With quick strokes of her pen, Baltimore County Circuit Judge Sherrie R. Bailey made permanent families of each of the children and parents who came before her Saturday in a Baltimore County courtroom.
The judge finalized the adoptions of infants, toddlers, school-age children and older teens, 10 in all, during a ceremony similar to hundreds of others around the nation on National Adoption Day. In Maryland courts alone, the adoptions of nearly 100 children became final during events intended to raise awareness of the plight of some 123,000 foster children in the United States in need of permanent homes.
For the families gathered before Bailey in ceremonial Courtroom No. 5 in Towson's Old Courthouse, the state's approval merely sealed already strong bonds between adoptive parent and child.
Among the families participating were a single mother and her special-needs toddler; a Catonsville couple and two daughters, both born in China with serious health conditions; and a North Carolina woman who stepped in to raise her great-niece and great-nephew, now 7 and 6 years old.
"There are still children waiting in foster care who need homes," said the judge, herself an adoptive mother of a son now in college.
As she signed papers for Amy Karwacki of Dundalk to adopt Michael, a 2-year-old she has raised since he was 6 months old, the judge advised the new mother to savor the moments.
"There will come a time when boys will never kiss their mom in public," Bailey warned Karwacki. "Then they'll drive off in your car."
Stephen and Kyla Liggett-Creel of Columbia adopted Selah Anya, 19 months. Selah, who frolicked in a full white dress, was a 6-day-old newborn in intensive care when the couple became her foster parents.
"We went to the hospital and held her in the NICU," Kyla Liggett-Creel said. She said the infant was supposed to be there two months.
"We held her as much as we could. She came home after six days."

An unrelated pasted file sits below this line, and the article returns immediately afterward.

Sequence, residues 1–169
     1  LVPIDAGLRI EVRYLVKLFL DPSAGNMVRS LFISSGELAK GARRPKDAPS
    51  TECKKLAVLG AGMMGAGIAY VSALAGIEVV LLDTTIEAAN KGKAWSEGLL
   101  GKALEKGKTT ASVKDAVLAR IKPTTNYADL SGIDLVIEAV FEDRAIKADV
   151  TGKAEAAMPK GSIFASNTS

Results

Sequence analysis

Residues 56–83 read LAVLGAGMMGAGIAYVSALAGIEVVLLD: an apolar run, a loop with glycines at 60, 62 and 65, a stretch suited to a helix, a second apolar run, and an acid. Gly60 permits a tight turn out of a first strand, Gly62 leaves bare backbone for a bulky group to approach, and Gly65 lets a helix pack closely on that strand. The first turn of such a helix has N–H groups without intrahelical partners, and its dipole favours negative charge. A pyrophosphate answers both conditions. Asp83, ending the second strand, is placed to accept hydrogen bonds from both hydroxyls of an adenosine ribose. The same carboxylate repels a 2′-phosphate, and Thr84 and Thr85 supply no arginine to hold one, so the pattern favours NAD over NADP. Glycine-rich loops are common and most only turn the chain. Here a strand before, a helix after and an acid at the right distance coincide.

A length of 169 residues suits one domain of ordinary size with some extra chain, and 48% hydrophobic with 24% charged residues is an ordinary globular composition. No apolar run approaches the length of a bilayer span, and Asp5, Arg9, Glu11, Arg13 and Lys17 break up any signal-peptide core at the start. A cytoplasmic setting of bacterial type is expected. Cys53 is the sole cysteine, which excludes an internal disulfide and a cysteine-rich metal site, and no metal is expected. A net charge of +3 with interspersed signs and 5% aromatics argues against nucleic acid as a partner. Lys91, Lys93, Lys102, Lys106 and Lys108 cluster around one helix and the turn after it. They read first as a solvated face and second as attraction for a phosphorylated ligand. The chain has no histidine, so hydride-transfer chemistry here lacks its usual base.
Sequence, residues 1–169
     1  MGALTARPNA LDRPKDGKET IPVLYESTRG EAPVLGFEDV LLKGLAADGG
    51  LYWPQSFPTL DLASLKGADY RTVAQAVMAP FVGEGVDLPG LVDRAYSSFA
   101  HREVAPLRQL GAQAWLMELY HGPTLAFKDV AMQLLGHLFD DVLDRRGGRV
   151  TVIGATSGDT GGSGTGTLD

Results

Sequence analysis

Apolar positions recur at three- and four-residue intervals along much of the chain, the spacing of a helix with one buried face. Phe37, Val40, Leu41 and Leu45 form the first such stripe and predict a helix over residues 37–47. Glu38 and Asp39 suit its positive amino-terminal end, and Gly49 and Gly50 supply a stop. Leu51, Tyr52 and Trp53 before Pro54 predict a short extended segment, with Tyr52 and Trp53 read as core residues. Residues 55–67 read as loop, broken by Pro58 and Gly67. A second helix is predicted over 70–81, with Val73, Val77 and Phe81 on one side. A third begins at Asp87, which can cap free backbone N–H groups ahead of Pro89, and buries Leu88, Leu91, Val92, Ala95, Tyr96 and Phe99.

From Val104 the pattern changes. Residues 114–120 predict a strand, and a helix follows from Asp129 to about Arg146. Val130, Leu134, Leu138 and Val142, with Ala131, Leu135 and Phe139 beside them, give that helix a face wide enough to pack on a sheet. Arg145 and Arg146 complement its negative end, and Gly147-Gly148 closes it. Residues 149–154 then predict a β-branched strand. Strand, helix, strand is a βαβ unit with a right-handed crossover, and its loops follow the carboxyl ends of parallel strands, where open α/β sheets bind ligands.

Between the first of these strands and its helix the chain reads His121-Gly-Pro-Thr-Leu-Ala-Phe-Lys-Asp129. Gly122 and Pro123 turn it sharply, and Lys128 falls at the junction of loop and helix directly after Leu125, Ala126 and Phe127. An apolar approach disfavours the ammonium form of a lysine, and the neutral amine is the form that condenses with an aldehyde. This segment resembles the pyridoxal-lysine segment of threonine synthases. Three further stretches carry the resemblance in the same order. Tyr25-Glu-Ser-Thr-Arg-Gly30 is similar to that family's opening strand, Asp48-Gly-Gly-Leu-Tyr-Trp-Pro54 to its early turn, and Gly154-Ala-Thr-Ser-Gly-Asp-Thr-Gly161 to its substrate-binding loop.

The couple has cared for other foster children over the past four years, usually for just a few weeks or months, and always said they would adopt any child who could not be reunited with his or her birth family.
Adoptive parents Ed and Ann Bartlinski of Catonsville said they chose the Saturday ceremony to finalize the foreign adoptions of Gemma, 4, and Teresa, 3, born in China, because they believe in the day's message.
"It brings more attention to adoption," and the tens of millions of orphans in the world, Ann Bartlinski said, as the two little girls in matching plaid dresses showed off new dolls. "It could be a first choice," for families wanting children, she said.
With the addition of Gemma and Teresa, the Bartlinskis now have nine children — four older, biological offspring and five daughters adopted from China with special needs.
Gemma has a condition that requires blood transfusions every three weeks. Teresa, whom the couple brought home from China in July, needs a heart/lung transplant but is not a good candidate for the surgery, her mother said.
"We adopted her knowing she was dying," Ann Bartlinski said. "We didn't want her to die in an orphanage. Now, we're praying for a miracle."
Bartlinski seemed to find some special meaning and comfort inside a gift bag she was handed after the ceremony. It came from Audrey Monroe, a 12-year-old who offered gifts to each newly adopted child as part of a service project for her bat mitzvah this spring.
Working with Art with a Heart, a Baltimore organization that brings visual art programs to children, Audrey made personalized decoupage frames for each child, such as one with Curious George for Teresa. She also saved up money for small gifts for each child.
For the boys, there were gift cards; for each girl, a locket in the shape of a silver heart.